House school finance plan sharply reducedScott Rothschild
A school finance bill was finally sent to the House floor for debate later this week, but only after the total funding increase for school districts was reduced by more than half.
As amended, the committee approved a $4,006 base or foundation amount per pupil next year, which with other changes will increase school funding by an estimated $185 million. The following year, the base will be adjusted to add an additional $100 million in school funding. After that, the base would be automatically indexed to changes in the Midwest Consumer Price Index.
That two-year total of $285 million in general aid, special education aid and local equalization aid was far short of the committee’s original plan, put together during the regular session, to add $150 million a year for five years, for a total exceeding $750 million.
Those numbers do not include additional funding for Kansas Public Employees Retirement System contributions or additional state aid for bond and interest and capital outlay.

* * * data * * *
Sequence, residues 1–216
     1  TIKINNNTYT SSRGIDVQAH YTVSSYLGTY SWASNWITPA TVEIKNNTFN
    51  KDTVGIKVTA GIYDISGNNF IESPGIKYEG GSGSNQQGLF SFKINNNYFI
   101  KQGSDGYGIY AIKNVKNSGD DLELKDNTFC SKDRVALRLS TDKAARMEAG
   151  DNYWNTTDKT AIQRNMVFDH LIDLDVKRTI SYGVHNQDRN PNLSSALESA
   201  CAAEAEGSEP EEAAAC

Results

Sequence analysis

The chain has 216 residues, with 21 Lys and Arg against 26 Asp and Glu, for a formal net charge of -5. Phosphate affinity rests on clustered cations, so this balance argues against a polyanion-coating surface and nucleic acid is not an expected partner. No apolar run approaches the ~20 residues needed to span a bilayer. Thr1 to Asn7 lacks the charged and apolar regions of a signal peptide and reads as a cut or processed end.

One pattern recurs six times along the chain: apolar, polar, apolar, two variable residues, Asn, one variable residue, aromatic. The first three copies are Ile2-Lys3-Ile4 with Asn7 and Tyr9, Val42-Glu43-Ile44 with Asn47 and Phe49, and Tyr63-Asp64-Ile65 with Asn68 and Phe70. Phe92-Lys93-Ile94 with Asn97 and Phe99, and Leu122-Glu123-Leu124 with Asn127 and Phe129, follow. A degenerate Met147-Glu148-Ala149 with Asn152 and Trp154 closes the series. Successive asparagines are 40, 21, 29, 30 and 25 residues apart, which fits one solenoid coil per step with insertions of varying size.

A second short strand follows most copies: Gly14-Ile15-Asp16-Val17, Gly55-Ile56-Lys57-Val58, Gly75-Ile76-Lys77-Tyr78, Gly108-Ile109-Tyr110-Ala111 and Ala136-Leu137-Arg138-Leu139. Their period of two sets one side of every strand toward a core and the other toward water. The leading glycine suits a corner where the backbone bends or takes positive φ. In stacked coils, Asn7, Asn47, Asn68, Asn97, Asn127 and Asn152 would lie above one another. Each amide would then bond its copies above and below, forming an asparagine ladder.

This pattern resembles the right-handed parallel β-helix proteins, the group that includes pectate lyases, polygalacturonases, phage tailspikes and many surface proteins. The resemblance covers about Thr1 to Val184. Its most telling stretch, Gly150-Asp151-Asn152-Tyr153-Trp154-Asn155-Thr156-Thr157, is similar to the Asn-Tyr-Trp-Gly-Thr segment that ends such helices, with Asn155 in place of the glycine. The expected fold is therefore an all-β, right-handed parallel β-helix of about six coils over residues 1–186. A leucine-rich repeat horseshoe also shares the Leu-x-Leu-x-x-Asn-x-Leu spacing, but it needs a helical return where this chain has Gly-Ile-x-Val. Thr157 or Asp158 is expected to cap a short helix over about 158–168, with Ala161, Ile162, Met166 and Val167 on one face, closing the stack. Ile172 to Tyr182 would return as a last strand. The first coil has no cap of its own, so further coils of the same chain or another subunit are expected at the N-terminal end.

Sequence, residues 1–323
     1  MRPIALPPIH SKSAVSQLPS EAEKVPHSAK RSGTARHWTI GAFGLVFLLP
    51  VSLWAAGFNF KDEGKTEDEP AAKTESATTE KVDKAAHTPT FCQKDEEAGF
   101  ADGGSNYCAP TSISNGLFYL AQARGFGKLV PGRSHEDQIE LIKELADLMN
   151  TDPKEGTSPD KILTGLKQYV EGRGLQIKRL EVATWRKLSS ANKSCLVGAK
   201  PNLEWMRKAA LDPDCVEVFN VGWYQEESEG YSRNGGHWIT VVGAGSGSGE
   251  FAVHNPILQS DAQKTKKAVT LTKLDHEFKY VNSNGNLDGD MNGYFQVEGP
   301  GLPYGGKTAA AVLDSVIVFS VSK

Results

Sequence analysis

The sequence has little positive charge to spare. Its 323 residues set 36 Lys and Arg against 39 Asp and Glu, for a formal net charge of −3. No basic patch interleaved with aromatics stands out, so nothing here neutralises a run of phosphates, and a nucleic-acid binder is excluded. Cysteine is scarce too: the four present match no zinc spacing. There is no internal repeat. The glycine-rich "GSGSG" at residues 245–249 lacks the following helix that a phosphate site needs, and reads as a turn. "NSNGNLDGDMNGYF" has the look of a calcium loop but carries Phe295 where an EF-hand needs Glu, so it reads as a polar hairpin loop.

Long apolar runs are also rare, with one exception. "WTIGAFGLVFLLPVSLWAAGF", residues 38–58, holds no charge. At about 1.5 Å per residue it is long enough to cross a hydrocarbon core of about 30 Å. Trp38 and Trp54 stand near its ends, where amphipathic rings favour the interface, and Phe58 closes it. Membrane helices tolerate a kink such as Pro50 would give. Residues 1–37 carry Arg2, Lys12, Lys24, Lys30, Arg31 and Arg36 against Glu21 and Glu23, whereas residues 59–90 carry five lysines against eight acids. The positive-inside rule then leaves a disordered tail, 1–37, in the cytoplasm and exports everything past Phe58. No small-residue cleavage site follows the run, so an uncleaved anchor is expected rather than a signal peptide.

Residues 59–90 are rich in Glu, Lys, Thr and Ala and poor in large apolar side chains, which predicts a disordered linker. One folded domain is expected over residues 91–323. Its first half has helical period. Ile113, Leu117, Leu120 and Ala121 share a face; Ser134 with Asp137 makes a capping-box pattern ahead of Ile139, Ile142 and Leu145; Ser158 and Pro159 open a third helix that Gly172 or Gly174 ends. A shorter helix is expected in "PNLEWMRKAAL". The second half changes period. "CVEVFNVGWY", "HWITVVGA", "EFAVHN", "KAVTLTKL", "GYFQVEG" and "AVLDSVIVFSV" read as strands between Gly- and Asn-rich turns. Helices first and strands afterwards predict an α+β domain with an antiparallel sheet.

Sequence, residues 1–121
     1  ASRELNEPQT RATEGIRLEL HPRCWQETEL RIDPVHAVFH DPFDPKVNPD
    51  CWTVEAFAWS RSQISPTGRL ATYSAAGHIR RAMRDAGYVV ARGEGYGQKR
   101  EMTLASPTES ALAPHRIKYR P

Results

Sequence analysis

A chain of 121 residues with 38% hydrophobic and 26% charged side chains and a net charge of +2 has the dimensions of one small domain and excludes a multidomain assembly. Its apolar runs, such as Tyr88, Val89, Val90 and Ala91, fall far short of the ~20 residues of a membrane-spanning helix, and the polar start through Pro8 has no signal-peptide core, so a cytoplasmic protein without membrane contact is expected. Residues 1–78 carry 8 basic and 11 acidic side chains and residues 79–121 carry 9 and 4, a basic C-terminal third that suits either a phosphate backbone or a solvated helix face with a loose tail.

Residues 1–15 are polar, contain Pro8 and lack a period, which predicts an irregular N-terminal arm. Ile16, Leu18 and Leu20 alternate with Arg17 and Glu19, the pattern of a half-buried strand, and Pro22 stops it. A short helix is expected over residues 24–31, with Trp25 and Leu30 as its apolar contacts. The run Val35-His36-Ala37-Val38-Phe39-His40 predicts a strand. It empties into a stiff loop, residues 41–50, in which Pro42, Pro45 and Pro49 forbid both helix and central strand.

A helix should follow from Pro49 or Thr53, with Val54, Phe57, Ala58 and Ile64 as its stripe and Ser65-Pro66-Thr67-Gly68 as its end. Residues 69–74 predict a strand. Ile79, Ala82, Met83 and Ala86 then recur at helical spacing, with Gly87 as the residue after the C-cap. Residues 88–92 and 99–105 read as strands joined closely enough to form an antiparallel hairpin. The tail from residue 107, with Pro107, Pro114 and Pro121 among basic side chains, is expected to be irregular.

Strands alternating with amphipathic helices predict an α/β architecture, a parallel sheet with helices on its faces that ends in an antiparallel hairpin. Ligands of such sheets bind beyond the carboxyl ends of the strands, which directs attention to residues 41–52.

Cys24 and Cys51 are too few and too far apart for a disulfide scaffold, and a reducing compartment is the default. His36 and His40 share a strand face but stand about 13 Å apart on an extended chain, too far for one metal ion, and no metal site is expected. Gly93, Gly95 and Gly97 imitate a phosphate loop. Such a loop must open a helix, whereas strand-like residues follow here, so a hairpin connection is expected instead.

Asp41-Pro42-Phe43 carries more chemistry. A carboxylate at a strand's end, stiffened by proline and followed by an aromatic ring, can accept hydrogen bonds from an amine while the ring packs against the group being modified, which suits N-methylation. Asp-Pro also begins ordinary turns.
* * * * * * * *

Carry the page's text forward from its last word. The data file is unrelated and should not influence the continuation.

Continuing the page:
The new total is far short of the amount KASB suggested to the committee was needed to advance Kansas toward meeting the Rose capacities for student learning outlined by the Kansas Supreme Court. KASB said the $750 million plan was at the “low end” of what evidence indicates is required to provide constitutionally suitable funding.
But some members of the committee and Legislative school finance council Jeff King, former vice president of the Senate, said other measures would provide the court with evidence that the plan was “reasonably calculated” to help students achieve the Rose capacities. They also point out that the plan boosts funding targeted at low performing students, which was the primary concern identified by the Supreme Court.
The Senate Select Committee on Education Finance is scheduled to meet at 8:30 a.m. Tuesday for an update on the House plan.
For the most part, HB 2410 as advanced by the House committee returns to most of the main features of the school finance formula used before the block grant system was adopted for the past two years, and follows many – but not all – of the school finance recommendations adopted by KASB.